Around the Richard E. Gerstein Justice Building, he was known for his wit and grace, trying cases for fellow judges when their workload was too much, making jurors feel at ease during a stressful time. During one big trial, out-of-town journalists marveled at his touch when Blake shared his birthday cake with the jury.
“He was an incredible people person. The way he treated jurors gave them a sense of civic duty,” said Miami-Dade Chief Assistant State Attorney Kathleen Hoague. “At the end of the trial, they felt like they had served their country.”
Blake was also known for welcoming successive Miami Herald courts reporters with coffee in his chambers filled with University of Florida and University of Miami memorabilia. “He was basically a mensch in a black robe,” said former Miami Herald courts reporter Manny Garcia, now the editor of the Naples Daily News. “Judge Blake is a gentleman, discerning jurist with a great sense of humor and heart.”
His longtime judicial assistant, Terry Sullivan, who passed away in 2013, was the mother hen for Herald courts reporters, passing along tips on the latest only-in-Miami cases. She adored Blake – when he was an assistant public defender in the 1970s, she spotted his talent.
“I can tell you’re going to be a judge one day. And I’m going to be your J.A.” she said. Later, Sullivan would serve as his assistant for 15 years before retiring.
His courtroom was 4-1, the most spacious and historic courtroom in the grimy old building, where the biggest trials unfolded.
Those included the trials of Christopher Sutton, convicted of ordering the assassination of his prominent lawyer father; Maria Catabay, convicted in the burglary that led to the slaying of a well-known Coral Gables doctor; and Michael Seibert, who was sentenced to death for killing a teenager and hacking her up.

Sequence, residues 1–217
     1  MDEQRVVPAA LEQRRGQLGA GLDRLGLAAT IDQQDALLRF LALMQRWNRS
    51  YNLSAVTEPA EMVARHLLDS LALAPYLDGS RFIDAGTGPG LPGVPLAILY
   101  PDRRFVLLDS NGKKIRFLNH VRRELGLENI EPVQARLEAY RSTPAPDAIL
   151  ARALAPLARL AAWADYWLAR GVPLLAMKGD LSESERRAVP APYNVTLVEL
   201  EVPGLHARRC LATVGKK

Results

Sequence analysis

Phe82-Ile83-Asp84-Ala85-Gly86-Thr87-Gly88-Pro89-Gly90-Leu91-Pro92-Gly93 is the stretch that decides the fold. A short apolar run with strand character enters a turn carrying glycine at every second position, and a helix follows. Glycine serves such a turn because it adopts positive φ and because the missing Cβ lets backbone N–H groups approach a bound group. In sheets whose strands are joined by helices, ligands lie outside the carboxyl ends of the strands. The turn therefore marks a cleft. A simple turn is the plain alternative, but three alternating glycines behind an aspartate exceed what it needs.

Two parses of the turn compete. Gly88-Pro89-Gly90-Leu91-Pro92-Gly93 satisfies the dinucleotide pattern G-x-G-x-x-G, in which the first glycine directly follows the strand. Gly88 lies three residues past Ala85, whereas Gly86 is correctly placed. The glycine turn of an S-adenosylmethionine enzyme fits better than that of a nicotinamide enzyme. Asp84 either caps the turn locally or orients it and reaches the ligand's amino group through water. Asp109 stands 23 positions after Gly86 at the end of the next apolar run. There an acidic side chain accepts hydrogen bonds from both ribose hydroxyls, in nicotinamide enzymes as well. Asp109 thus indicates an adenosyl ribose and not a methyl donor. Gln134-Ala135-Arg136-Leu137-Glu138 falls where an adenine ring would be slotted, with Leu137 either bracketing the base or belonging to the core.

The judge also presided over the trial of ex-Boston FBI agent John Connolly, who was the handler for notorious mobster James “Whitey” Bulger.
At the 2008 trial in Miami, a parade of gangland killers took to the stand to show how Connolly was in cahoots with Bulger, passing along the key info that led to the murder of a gambling executive in Miami in 1982. The saga was later turned into a Hollywood movie starring Johhny Depp.
“It was like watching the movie Black Mass in person,” Blake recalled. “It was an absolutely amazing two-month trial.”
Blake never shied away from the tough legal decisions away either.
Last year, he became the first Florida judge to declare someone immune from a civil lawsuit under the state’s Stand-Your-Ground law. In that case, a unarmed deaf mute man was shot to death by a Miami Shores homeowner while trying to steal a WaveRunner from a back yard; prosecutors declined to press charges.
He also made a crucial ruling that kept intact the guilty verdict against Connolly, the FBI agent whose conviction was eventually upheld by higher courts.
Back in September 2008, Blake ruled that the overwhelmed Miami-Dade Public Defender’s Office could withdraw from handling third-degree felony cases because of “extreme and excessive caseloads.”
He was rarely reversed by the appellate courts, though he never faulted anyone for trying. In a setting defined by conflict and adversity, Blake carried himself with aplomb and courtesy.
Blake recalls sentencing a career criminal to 40 years in prison. The man thanked him. Blake wondered why.
“I’m thanking you for respecting me,” the man said. “I never felt treated any different than the jurors or the lawyers.”
Then he added: “I hope you ass gets reversed on appeal.”
Blake and the courtroom broke out into laughter. The conviction was upheld.